Penn State trustees approve 2011-12 budget

July 15, 2011

Center Valley, Pa. -- Penn State's Board of Trustees today (July 15) approved a $4.1 billion University operating budget for 2011-12. The budget is supported in part by a $279 million in appropriations from the Commonwealth of Pennsylvania, a decrease of $68 million, or 19.6 percent, from last year.

"To say that it has been a tumultuous and unsettled few months leading up to this point would be an incredible understatement," said Penn State President Graham Spanier, who thanked state legislators for moderating the cut in the University's appropriation from initial proposed cuts of 52 percent. "Through the hard work of those involved in assembling this plan and the contributions and support of everyone in the Penn State community I'm able to present a balanced budget, despite the largest decreases to our state appropriation in our history. This budget assumes a tuition increase that would generally be reflective of a normal year."

The budget sets an average lower-division undergraduate tuition increase of 3.8 percent across the University. Tuition will increase 2.9 percent for resident and non-resident lower-division students at Commonwealth Campuses, 3.5 percent for non-resident, lower-division University Park students and 4.9 percent for resident lower-division University Park students. See for more on tuition.

As economic struggles continue nationally and statewide, Spanier said the budget was drafted to offset the loss in state support and expiration of federal stimulus funds while also balancing the needs of students and their families.

To moderate tuition increases, the University has attacked expenses with $30 million in budget reductions through across-the-board cuts in every unit and targeted reductions through a variety of means, including the recommendations of Penn State's Core Council, a group charged with identifying millions in permanent savings since 2010.

Tuition and fees continue to be the largest portion of University income, providing 34.9 percent of Penn State's total revenue. Hospital and clinical revenues make up 28.7 percent, and restricted funds, primarily from sponsored research and grants, comprise 16.5 percent. Commonwealth appropriations represent 6.6 percent of the total budget.

The general funds budget, a subset of the overall budget which encompasses only the core academic and teaching-related elements of University operations, amounts to $1.7 billion and is funded by tuition and fees (78.4 percent), state appropriations (14.3 percent) and other smaller sources (7.3 percent).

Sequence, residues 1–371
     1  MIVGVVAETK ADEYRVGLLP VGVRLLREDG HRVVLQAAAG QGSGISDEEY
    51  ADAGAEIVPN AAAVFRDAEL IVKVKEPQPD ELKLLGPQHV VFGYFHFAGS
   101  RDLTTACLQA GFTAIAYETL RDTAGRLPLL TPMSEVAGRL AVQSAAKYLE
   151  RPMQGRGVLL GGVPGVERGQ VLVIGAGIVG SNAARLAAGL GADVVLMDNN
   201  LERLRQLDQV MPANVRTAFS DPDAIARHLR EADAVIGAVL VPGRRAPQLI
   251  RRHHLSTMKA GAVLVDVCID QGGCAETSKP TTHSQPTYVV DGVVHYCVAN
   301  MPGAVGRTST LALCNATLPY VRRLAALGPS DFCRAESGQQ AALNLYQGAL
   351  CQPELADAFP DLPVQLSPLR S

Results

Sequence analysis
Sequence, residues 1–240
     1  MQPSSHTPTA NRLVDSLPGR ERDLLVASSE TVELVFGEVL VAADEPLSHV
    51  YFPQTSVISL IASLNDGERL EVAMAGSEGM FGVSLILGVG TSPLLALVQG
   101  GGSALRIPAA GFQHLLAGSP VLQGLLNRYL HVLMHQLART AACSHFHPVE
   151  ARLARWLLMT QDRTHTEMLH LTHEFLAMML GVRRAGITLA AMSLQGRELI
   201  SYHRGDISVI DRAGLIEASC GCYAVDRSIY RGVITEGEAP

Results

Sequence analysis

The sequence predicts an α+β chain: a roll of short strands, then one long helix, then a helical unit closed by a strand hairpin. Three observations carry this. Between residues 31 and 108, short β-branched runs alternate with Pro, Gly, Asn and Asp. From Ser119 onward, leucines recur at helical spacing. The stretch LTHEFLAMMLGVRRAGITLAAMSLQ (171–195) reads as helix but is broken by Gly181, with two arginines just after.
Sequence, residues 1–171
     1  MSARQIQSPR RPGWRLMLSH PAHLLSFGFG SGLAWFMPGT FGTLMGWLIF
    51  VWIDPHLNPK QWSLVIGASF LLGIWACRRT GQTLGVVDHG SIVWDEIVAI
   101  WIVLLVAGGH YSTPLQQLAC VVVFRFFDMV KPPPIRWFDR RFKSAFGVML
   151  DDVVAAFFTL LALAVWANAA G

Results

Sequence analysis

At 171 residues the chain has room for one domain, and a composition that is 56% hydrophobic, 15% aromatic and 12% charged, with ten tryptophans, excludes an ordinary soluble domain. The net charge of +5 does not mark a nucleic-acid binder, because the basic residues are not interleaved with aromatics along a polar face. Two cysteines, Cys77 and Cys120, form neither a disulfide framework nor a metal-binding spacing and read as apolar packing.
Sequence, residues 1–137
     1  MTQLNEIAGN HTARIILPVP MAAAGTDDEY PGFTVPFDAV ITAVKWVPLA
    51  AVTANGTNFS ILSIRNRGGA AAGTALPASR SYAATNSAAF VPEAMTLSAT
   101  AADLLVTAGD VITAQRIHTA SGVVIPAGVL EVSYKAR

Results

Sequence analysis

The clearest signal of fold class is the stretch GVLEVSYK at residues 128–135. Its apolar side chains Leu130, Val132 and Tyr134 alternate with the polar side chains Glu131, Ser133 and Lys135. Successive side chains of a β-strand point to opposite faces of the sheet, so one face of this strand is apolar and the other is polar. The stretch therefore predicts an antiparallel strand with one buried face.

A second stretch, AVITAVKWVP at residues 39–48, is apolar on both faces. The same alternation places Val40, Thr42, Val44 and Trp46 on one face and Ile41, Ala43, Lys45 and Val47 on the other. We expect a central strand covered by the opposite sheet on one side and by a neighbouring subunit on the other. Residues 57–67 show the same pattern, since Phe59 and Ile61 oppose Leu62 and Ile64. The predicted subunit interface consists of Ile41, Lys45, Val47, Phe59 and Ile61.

To address the decrease in state funding, the University, in addition to budget reductions and expense cuts, suspended its normal salary increase program for the second time in three years and scaled back funding for facilities and strategic initiatives. Adjustments to the employee health care plan have allowed for moderation in expected cost increases for health care benefits.

The agricultural research and Cooperative Extension portions of the budget include reductions in state appropriations of 19 percent, or $10.5 million. Tuition cannot be used to support these areas, and Spanier said administrators and the College of Agricultural Sciences, led by Dean Bruce McPheron, have been working to identify the expense reductions necessary to offset the loss in funding.

A voluntary retirement incentive was offered to 120 employees, with two-thirds of those eligible accepting, resulting in more than $4 million in savings to future budgets. A significant gap still exists, Spanier said, and McPheron is working with administrators and financial staff to develop an effective strategic plan to balance the deficit.

"The net result, unfortunately, will be the reduction of scores of positions that can no longer be supported with the elimination of almost one-fifth of the Commonwealth's funding for these important activities," Spanier said.

The Penn State Milton S. Hershey Medical Center and the College of Medicine are projected to have a budget of $1.4 billion. State support for the Medical Center falls this year by 50 percent, to $6.6 million.

The Pennsylvania College of Technology, a Williamsport subsidiary of Penn State, will have a total budget of $141 million, a $1.5 million decrease. Commonwealth appropriations to Penn College decreased by 5 percent, or $715,000.

"Despite these difficult actions and the environment of financial uncertainty, it continues to be a very good time to be part of the Penn State family," Spanier said. "Our story of achievement is profound, and our stewardship of taxpayer and tuition resources is commendable. Penn State will continue to have a positive impact on the state and nation."

(Media Contacts)

Last Updated August 10, 2011